Boston Perhaps because he has known the Fenway rabble intimately, known what he did for them and meant to them for four years, Johnny Damon had an inkling his reception on returning to their midst wouldn't be nearly so brutal as what might otherwise be expected for a traitor of the worst kind.
"To be honest," he said, "Doug (Mirabelli) coming back is a bigger story because he was surprised at being traded and he and (Tim) Wakefield work so well together.
"I never want to put feelings into anyone. I want them to make their own decision."
And so when the pregame lineup introductions were being made, a light riff of cheers could be detected amid the expected boos for Damon, while, in contrast, Mirabelli, the backup catcher reacquired by the Red Sox from the San Diego Padres earlier in the day, received an ovation worthy of a returning Carl Yastrzemski.
It was as if the Nation's wrath for one returning "Idiot" was tempered by another's rekindling of the spirit of '04 - especially since, in Mirabelli's absence as the knuckleballer Wakefield's personal catcher, newcomer Josh Bard had caused much angst across New England with his ungodly 10 passed balls.
They could not bring themselves to hate. And when Damon stood alongside the batter's box prior to his first at-bat, he merely smiled, waiting patiently, allowing them to bear their hurt, before tipping his helmet and turning the boos into cheers.
"I planned to do that all along if I heard enough cheers, and I did," Damon said. "I understand the way they feel; how it works here; how they hate seeing me in this uniform. But that was cool and after that, it was on to hating the Yankees."
Maybe not all was forgiven, but at least all agreed it now was time to move on.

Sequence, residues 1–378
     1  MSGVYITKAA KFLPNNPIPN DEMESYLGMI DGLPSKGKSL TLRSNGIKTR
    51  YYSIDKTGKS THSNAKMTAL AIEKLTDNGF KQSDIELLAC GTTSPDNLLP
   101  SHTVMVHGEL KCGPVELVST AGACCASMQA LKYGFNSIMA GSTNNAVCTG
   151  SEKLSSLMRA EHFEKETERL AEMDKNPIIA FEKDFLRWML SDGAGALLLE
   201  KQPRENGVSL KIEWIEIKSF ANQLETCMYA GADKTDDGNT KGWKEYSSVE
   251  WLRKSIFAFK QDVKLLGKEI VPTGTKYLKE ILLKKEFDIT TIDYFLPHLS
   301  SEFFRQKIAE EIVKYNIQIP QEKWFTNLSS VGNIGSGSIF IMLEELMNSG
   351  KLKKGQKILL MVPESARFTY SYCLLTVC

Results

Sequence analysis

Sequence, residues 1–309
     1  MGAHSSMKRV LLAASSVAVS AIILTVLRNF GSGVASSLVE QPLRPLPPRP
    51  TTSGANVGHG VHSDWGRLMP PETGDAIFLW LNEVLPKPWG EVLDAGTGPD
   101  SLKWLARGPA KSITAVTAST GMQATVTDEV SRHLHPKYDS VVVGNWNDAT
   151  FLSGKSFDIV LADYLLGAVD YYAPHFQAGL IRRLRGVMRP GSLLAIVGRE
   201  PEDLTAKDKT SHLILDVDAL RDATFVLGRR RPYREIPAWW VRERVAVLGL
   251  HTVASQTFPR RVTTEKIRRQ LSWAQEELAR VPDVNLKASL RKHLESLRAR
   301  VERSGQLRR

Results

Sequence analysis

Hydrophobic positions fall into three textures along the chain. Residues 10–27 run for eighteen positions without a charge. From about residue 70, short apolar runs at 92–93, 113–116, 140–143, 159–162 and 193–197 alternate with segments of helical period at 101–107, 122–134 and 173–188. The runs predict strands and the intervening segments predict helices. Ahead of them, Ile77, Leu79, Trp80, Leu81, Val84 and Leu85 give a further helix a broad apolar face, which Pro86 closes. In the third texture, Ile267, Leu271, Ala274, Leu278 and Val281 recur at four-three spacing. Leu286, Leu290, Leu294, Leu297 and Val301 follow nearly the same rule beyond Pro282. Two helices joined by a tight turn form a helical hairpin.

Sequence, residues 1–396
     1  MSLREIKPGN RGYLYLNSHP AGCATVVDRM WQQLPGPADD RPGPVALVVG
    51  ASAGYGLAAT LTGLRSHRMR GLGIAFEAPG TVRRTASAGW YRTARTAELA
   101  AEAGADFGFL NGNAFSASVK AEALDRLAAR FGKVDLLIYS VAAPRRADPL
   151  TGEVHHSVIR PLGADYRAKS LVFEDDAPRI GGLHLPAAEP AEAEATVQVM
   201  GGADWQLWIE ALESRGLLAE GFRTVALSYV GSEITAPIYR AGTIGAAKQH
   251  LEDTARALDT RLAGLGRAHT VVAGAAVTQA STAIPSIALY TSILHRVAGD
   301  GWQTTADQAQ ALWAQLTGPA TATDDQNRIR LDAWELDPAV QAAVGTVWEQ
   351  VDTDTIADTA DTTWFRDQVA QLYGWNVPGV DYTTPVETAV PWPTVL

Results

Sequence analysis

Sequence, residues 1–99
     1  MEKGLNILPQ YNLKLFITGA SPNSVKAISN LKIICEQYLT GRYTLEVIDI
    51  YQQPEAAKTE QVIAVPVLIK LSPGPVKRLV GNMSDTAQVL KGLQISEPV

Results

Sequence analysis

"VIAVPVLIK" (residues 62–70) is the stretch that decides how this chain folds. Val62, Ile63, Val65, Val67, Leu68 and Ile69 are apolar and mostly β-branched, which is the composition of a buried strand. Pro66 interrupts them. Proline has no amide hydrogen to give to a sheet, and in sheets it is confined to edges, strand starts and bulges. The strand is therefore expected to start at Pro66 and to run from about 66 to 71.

When he went out to center field for the first time in the first inning, fans from the bleachers tossed fake dollars - and some real ones - at him, a far cry from the batteries and other assorted missiles with real harm intended.
"This place is magical," Damon said in deference to Fenway and the Red Sox fans. "I'm happy for them. I'm happy for Big Papi (David Ortiz). I'm happy for (Curt) Schilling's start. I'm happy for (Jason) Varitek. I'm happy Mirabelli's back. And I'm happy for (his currently injured center field replacement) Coco (Crisp) coming in here and getting to experience what I did for four years."
Was this any way to heat up a rivalry? Indeed, what was supposed to be Damon in the lion's den instead seemed all too warm and fuzzy Monday night, although a lot of that had to do with the Nation having the best of all worlds - getting to both decry and embrace Damon before eventually celebrating a victory in the first head-to-head meeting of the season with the Yankees.
"I think down deep the fans understand why I left," Damon said. "They know they had a plan here. They set a value on me and they stuck to it. They knew I didn't want to leave. But the way I see it, everyone benefits. It helps me to go to New York and the fans here are gonna love to see the way Coco plays and hustles so hard."
If you didn't know better, you'd have thought Damon, in his own mind, hadn't totally come to grips with crossing over in the rivalry.